David Lehman

(June 11, 1948 / New York City)

Fifth Amendment - Poem by David Lehman

The fear of perjuring herself turned into a tacit
Admission of her guilt. Yet she had the skill
And the luck to elude her implacable pursuers.
God was everywhere like a faceless guard in a gallery.
Death was last seen in the auction room, looking worried.
She hadn't seen him leave. She narrowly avoided him
Walking past the hard hats eating lunch. Which one was he?
She felt like one of those women you sometimes see
Crying in a hotel lobby. But he couldn't figure her out.
She wrote him a letter saying, "Please don't phone me,"
Meaning, "Please phone me." And there were times when she
Refused to speak at all. Would this be one of them?
On went the makeup and the accessories. Her time was now,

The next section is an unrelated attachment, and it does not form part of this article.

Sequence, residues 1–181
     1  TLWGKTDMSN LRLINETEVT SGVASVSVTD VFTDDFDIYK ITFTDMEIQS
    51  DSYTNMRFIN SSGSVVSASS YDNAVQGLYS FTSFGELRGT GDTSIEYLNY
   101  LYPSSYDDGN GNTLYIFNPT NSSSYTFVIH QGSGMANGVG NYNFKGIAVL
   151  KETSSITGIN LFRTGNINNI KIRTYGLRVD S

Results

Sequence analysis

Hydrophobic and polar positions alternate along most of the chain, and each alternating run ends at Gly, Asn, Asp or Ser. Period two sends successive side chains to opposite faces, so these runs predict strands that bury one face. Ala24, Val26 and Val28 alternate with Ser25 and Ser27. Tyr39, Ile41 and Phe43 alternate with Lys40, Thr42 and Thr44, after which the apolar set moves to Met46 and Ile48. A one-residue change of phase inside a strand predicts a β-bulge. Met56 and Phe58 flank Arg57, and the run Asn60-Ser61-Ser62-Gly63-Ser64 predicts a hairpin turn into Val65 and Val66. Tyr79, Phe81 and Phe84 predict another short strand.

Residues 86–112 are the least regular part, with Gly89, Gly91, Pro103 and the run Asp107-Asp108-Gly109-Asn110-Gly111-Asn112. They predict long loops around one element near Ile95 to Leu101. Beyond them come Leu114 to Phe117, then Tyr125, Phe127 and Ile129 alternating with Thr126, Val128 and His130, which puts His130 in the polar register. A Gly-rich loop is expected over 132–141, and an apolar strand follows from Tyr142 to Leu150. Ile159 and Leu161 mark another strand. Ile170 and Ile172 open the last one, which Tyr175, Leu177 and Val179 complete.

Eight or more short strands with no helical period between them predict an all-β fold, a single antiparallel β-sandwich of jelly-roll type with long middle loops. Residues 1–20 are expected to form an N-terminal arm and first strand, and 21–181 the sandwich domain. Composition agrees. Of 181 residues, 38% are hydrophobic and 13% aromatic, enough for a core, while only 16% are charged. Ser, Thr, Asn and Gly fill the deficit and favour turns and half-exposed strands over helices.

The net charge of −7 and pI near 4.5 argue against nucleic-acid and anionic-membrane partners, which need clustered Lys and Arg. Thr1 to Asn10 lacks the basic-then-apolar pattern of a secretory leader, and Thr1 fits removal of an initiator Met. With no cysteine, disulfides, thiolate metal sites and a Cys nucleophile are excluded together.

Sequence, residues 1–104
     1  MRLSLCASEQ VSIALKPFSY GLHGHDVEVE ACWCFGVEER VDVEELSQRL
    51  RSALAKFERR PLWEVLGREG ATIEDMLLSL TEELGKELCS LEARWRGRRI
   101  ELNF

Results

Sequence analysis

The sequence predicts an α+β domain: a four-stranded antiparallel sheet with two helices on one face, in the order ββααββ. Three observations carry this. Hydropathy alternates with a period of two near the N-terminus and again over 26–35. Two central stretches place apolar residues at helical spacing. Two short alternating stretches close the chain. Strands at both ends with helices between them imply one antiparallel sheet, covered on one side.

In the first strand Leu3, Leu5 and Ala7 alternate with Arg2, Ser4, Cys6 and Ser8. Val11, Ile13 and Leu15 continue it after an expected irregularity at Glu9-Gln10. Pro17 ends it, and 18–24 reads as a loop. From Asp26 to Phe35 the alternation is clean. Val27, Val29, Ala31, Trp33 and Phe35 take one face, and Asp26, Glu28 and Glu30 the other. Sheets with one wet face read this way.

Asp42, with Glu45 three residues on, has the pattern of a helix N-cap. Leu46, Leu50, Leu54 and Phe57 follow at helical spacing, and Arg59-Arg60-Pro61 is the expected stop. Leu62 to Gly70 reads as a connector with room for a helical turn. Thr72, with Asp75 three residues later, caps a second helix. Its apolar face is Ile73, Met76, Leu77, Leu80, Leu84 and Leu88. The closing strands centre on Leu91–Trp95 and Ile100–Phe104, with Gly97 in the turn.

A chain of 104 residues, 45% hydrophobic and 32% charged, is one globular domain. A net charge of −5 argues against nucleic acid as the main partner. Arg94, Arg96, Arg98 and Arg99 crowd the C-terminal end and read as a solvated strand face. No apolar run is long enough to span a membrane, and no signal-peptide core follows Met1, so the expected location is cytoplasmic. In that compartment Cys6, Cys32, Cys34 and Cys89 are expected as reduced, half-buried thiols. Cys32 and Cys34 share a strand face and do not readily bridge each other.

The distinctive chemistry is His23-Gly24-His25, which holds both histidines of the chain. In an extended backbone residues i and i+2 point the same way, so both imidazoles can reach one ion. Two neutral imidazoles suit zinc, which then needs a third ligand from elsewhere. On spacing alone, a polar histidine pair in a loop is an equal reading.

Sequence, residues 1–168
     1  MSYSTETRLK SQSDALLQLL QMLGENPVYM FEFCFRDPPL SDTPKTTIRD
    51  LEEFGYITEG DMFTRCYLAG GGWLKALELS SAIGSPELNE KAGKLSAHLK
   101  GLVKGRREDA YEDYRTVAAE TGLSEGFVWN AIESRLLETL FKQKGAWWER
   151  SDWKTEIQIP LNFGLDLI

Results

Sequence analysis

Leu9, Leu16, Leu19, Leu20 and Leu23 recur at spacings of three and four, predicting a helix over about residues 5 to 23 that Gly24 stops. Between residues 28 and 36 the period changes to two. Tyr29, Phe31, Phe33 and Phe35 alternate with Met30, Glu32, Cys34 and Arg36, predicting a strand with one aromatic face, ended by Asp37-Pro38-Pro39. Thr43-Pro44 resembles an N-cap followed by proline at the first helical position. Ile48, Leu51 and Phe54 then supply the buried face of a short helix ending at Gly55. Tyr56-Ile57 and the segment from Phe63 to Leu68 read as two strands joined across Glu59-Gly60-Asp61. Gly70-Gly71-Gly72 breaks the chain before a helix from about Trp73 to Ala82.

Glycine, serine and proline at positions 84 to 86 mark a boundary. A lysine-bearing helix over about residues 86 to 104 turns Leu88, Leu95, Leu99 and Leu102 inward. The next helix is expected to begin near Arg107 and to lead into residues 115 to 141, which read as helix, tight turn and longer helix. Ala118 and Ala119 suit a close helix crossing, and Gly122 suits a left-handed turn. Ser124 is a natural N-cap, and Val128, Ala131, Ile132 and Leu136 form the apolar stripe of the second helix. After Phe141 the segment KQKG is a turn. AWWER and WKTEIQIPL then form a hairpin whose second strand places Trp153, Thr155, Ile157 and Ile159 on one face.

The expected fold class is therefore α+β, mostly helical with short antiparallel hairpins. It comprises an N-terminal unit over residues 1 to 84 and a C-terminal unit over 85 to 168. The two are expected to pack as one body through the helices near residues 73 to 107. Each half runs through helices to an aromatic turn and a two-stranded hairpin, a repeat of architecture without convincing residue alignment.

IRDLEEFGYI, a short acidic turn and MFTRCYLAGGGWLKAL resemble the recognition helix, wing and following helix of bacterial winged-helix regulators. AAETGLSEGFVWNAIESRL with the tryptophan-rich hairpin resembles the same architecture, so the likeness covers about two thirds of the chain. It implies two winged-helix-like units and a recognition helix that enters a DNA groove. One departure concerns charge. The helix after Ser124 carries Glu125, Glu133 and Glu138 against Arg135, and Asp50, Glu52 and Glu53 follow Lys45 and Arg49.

And he could no more share her future than she
Could go to college with him twenty years ago.
She would have had a tremendous crush on him
Back then, with his scarf flying in the wind like
The National League pennant flying over Ebbets Field
In Brooklyn, borough of churches, with the pigeons on the sill
And the soprano's trill echoing in the alley.


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Read poems about / on: women, future, sometimes, fear, wind, death, god, woman



Poem Submitted: Monday, January 13, 2003



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